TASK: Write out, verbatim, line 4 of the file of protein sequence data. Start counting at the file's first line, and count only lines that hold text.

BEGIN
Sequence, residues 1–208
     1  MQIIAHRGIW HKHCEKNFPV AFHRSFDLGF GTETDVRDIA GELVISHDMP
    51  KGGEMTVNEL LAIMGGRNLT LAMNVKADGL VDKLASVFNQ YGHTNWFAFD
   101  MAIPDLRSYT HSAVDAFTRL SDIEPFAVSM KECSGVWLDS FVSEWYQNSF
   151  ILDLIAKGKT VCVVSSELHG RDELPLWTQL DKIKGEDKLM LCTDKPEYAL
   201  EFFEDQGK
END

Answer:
   101  MAIPDLRSYT HSAVDAFTRL SDIEPFAVSM KECSGVWLDS FVSEWYQNSF